You bet. Get tires made for the road (smoother tread) rather than ones made for off-road (knobbies). Sounds like you're on the way back!

  4. #4
    Mad scientist w/a wrench
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    I hate borrowing cliche phrases from movies, but here are two:

    You can't live in fear. (ghostrider)
    Fear eats the soul. (translated from german, Ali: angst ..., Fassbinder)

    I've had one bike stolen from me as a kid and another destroyed in a wreck. I have lights, wear a helmet and lock my bike everywhere it goes, but refuse to give the ideas of theft and injury any more anxiety than that.
    If a lock can be made, it can be circumvented, its just a mechanical fact. the more you complicate/strengthen a locking scheme the more time you buy yourself between the moment someone who wants the bike sees it and the moment they successfully pick/cut/etc their way through the lock. but simply applying A lock probably denies the overwhelming majority of opportunistic thieves their chance, leaving it to the most determined individuals, who are the ones you'll never stop anyway.
    Proudly wearing kit that doesn't match my frame color (or itself) since 2006.

  5. #5
    old biker tci2's Avatar
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    A couple of years ago we had some bandits that would enter houses, attached garages, etc.. just to steal mid to high end bikes. These guys walked into a police Lt's house while he was home and made off with two nice Treks. As Obelix67 stated, crimes of opportunity are much more prevelant. All of my bikes are locked inside the locked garage. I hate thieves.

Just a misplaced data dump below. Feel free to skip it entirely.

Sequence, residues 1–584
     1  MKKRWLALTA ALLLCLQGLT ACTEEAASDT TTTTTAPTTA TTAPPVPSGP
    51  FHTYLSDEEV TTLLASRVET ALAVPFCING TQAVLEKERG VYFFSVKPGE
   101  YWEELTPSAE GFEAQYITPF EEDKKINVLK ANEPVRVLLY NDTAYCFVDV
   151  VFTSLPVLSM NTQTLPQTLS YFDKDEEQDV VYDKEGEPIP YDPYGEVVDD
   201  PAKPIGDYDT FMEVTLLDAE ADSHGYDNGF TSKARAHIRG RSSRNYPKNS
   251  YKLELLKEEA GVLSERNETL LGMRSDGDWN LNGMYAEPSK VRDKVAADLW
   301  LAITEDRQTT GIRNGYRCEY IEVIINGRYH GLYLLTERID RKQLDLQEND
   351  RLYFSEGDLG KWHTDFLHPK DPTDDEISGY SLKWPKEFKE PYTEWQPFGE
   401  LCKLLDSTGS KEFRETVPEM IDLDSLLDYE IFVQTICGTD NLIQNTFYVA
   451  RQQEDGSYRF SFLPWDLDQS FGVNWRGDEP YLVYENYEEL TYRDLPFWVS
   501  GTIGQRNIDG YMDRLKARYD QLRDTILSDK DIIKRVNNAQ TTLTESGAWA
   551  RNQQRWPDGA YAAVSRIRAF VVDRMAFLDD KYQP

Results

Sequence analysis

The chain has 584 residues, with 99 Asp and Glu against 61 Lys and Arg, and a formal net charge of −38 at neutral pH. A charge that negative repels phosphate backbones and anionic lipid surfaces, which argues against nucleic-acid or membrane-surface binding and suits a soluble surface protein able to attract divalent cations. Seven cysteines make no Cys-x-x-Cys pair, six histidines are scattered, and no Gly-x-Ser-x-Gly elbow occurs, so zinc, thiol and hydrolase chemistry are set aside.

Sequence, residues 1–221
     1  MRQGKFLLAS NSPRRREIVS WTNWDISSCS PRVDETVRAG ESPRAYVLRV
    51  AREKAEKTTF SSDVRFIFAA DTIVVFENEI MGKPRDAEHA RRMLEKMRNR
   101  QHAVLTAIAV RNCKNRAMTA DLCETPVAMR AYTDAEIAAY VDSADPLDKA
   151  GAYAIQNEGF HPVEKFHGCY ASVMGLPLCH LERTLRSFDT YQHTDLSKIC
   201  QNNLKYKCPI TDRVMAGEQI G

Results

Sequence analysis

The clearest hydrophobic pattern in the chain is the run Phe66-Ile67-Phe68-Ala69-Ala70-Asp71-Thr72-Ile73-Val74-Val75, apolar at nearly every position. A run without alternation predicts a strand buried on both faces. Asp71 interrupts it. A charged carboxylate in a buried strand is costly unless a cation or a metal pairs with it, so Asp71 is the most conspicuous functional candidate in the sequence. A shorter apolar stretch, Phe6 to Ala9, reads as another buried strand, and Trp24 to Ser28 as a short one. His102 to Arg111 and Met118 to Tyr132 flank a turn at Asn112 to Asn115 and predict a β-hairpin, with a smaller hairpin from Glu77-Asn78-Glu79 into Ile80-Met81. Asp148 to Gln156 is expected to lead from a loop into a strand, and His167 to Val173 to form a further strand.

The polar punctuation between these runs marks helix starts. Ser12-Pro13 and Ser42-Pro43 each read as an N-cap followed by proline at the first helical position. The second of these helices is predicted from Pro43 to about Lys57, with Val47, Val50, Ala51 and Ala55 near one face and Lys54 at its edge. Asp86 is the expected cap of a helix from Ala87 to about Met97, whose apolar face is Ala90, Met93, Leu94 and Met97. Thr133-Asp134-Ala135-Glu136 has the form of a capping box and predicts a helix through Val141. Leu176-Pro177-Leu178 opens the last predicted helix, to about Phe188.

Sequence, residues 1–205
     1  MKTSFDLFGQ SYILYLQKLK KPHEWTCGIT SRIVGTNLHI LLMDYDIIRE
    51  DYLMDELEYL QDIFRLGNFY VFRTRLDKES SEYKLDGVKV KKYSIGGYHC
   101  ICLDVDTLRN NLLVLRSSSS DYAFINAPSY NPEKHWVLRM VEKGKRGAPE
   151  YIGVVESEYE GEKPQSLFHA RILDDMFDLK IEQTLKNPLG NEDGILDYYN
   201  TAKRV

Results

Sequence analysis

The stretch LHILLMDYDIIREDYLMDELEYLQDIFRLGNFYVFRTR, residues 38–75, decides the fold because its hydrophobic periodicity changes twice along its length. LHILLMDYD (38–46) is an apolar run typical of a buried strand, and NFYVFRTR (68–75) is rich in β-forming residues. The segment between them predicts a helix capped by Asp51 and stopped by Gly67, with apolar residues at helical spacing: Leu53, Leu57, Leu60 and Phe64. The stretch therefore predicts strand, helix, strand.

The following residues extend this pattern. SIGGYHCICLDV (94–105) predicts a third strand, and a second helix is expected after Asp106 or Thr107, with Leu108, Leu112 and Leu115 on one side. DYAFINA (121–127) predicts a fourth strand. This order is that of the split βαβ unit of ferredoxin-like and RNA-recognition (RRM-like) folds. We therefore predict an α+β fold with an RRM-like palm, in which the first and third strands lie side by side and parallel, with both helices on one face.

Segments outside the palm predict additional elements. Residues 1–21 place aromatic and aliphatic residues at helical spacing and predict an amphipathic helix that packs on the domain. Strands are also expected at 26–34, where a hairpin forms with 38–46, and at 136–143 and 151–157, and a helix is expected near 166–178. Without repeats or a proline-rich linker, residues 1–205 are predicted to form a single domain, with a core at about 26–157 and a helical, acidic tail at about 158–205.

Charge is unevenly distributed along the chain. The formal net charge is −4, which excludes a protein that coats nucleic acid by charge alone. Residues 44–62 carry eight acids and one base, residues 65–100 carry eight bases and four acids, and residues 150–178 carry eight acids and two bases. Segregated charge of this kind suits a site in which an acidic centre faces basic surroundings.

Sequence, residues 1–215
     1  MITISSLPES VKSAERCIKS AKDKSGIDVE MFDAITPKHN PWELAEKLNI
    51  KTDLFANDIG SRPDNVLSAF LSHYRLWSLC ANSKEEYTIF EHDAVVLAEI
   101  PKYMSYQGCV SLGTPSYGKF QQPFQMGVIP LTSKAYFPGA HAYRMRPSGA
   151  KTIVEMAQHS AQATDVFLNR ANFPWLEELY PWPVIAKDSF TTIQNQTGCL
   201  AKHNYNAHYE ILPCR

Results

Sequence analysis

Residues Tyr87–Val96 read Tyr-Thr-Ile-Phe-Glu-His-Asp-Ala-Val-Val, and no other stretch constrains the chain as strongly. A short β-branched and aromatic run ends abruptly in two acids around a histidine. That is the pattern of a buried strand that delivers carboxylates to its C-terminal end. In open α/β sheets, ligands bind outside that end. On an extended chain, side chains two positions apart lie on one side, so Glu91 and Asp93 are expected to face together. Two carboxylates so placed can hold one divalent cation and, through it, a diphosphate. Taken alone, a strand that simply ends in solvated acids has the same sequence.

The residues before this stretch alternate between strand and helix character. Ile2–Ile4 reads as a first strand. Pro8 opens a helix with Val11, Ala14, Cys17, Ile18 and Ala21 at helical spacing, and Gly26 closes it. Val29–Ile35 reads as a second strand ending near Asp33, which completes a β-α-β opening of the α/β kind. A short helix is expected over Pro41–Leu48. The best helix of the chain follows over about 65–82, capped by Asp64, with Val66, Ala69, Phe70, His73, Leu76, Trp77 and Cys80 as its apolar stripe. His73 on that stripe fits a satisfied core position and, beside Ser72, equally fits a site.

6. #6
    Banned. Turboem1's Avatar
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    I wouldn't let thieves stop you from riding. If you like that bike a lot get it again. And if you ride mostly on the road just put some smoother tires on and it will still be fine if you decide to go off the trail.

    If you want to take another step closer to a road bike that would still be okay if you decide to go on some gravel roads or bumpy pavement look into...

    Trek SU200 $489.00
    Trek 7.3FX $529.00
    Trek 7.3FX Disc $619.00

  7. #7
    Senior Member Apnu's Avatar
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    I'm sorry for your loss, reminds me of the time when I was 12 and got jumped for my Schwinn 10 speed. Got messed up pretty good and had nightmares for a month.

    But I'm riding now. In fact I got another crappy Schwinn 10 speed and beat the hell out of the thing biking to and from high school, but that's another story.

    However, the fear of theft is what prompted me to get a Dahon Jack. Now I'm a clyde like you at 288 lbs right now and the wheels on the thing aren't tough enough for my weight. I'm having the rear wheel rebuilt right now and hopefully that will hold me until I drop 40 lbs (my summer goal). If not, then I'm going to get something with a higher spoke count.

    Now I bring my bike into work with me and my house -- its as safe as I can make it.

  8. #8
    One Hep Cat Joe Dog's Avatar
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    I am sorry you lost your bike - you have an impressive story and I would hate to see you lose what you have earned. I lost a bike (not as nice as yours) the same way, but it made me RELIGIOUS about keeping my garage door closed, my doors locked and my bike locked up securely (see this: http://www.sheldonbrown.com/lock-strategy.html ). Do NOT give up and do NOT give in. Get a new bike if you need to, be careful about keeping it, and ride and enjoy, dammit!

    Touched a nerve there, but I am better for the post. Thanks for the session.